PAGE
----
On Saleius Bassus, see Quintilian, Institutio Oratoria 10.1.90 and Juvenal, Satires 7.80.



“me vero dulces”, ut Virgilius ait, “Musae”, remotum a sollicitudinibus et curis et necessitate cotidie aliquid contra animum faciendi, in illa sacra illosque fontes ferant; nec insanum ultra et lubricum forum famamque pallentem trepidus experiar.

(Dialogus 13.4-5)

‘For that Crispus and Marcellus, whom you call on me to imitate, what is desirable in their lot: The fact that they fear or are feared? The fact that when, everyday, they are asked something, those men whom they help hate them?389 The fact that, being constrained to curry favour in every direction, they never appear servile enough to their rulers or free enough to us? What is this great power of theirs? Freedmen are habitually able to do as much. “But as for me, may the sweet Muses”, as Virgil says, carry me to those sacred places and springs, removed from anxieties and cares and the necessity of everyday doing something against my inclination; may I have no more agitated dealings with the mad and hazardous forum or with pallid fame.’

Not only does Maternus here reject Crispus and Marcellus as models to be imitated, he also uses this rejection as a springboard from which to reiterate his preference for the Virgilian paradigm. Furthermore, Maternus makes no mention of Saleius Bassus, Aper’s example of the archetypal poet; for Maternus, the ideal poet is represented by Virgil alone. The Virgilian quotation which Maternus employs to show that he follows Virgil’s life as a model is also particularly apposite. The quotation is from Georgics 2.475 and constitutes a strongly autobiographical moment in that poem: Virgil has just praised the life of the farmer (G. 2.458-74), but at line 475 (me vero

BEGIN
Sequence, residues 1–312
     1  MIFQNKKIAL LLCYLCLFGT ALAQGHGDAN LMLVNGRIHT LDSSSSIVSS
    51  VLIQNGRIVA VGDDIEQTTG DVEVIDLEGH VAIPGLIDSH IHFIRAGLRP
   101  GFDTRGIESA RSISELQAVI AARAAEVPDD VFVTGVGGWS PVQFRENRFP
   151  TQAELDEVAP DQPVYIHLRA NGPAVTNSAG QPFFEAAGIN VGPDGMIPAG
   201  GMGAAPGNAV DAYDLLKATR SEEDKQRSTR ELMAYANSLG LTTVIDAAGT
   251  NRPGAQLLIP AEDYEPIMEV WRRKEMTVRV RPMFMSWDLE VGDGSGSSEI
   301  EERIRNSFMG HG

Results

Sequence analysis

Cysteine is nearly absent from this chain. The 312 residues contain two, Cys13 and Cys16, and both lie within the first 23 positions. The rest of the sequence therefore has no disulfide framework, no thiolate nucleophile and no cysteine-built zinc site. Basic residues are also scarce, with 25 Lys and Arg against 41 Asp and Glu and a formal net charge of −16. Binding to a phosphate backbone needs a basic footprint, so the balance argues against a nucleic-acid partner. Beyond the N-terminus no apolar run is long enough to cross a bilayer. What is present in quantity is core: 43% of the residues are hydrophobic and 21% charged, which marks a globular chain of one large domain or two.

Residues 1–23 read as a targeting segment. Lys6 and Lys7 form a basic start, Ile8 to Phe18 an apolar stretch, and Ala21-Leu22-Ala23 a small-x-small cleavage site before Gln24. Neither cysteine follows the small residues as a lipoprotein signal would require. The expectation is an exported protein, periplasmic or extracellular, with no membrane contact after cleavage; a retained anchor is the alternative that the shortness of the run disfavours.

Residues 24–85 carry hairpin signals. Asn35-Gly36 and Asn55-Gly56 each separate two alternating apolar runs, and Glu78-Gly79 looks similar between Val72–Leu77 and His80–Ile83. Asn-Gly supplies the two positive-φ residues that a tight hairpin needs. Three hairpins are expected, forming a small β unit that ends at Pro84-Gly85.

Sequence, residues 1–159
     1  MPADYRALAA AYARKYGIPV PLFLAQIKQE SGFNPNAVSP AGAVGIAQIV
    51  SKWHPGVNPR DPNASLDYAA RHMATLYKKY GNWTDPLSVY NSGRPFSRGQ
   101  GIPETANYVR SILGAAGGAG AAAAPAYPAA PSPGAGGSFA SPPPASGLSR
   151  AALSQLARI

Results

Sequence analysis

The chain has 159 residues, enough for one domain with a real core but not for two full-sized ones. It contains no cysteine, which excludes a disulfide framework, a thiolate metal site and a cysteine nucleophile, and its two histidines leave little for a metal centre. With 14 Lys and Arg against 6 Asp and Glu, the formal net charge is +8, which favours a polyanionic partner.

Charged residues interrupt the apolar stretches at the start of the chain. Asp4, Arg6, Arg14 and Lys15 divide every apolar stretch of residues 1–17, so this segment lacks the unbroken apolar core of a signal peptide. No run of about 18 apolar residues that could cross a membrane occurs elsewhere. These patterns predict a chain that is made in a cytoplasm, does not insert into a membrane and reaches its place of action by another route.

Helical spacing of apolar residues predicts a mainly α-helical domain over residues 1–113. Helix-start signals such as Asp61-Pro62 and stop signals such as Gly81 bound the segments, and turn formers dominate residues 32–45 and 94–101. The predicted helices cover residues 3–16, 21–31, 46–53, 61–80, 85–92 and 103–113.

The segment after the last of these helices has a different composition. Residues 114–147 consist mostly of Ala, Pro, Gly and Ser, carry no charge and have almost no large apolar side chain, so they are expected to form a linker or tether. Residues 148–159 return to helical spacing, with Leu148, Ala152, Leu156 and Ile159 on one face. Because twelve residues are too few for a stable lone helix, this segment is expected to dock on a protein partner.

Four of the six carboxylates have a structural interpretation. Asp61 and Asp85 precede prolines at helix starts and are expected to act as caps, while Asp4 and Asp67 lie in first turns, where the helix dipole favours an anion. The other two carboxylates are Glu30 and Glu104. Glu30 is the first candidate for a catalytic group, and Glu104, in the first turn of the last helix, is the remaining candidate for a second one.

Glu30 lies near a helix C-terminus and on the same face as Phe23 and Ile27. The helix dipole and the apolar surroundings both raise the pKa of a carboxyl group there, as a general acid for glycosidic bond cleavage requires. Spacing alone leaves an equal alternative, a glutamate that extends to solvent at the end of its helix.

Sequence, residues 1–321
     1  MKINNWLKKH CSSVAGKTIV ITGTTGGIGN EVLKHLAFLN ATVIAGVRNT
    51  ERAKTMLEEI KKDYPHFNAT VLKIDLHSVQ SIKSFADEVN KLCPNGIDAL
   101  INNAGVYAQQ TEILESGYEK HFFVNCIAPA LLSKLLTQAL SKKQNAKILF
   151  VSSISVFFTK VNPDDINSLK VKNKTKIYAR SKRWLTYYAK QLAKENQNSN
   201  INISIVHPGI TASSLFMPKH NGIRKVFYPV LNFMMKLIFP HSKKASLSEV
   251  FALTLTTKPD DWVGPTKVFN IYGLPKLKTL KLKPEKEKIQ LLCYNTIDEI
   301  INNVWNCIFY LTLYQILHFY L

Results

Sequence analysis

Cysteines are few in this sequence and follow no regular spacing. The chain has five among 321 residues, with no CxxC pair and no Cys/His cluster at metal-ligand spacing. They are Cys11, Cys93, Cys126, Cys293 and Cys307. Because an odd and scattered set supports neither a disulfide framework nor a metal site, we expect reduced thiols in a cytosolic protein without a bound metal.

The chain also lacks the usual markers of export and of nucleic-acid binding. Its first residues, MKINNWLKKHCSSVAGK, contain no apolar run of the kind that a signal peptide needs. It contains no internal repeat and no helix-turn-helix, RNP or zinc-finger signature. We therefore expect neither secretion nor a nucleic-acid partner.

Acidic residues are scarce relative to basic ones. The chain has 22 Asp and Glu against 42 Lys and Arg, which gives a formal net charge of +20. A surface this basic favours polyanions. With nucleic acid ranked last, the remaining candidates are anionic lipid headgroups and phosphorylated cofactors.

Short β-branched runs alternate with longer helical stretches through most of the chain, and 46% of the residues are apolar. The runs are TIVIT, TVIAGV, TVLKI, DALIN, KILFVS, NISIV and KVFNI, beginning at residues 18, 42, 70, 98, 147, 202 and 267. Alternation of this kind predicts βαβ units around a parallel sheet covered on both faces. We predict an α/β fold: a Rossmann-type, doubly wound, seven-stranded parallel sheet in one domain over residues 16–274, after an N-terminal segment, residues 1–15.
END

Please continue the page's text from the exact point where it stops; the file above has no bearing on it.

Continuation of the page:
The meaning of this sentence is problematic; I adopt the interpretation of Peterson (1893) ad loc.: ‘Not a day passes but they are asked something or other: yet successful suitors chafe under the obligations which they incur to such persons as these: their favours bring them in return nothing but bad blood’; thus also Mayer (2001) ad loc. Lipsius added non before praestant, so that the translation would be: ‘The fact that when, everyday, they are asked something, those men whom they do not help hate them?’ Some have followed Lipsius, e.g. Gudeman (1914).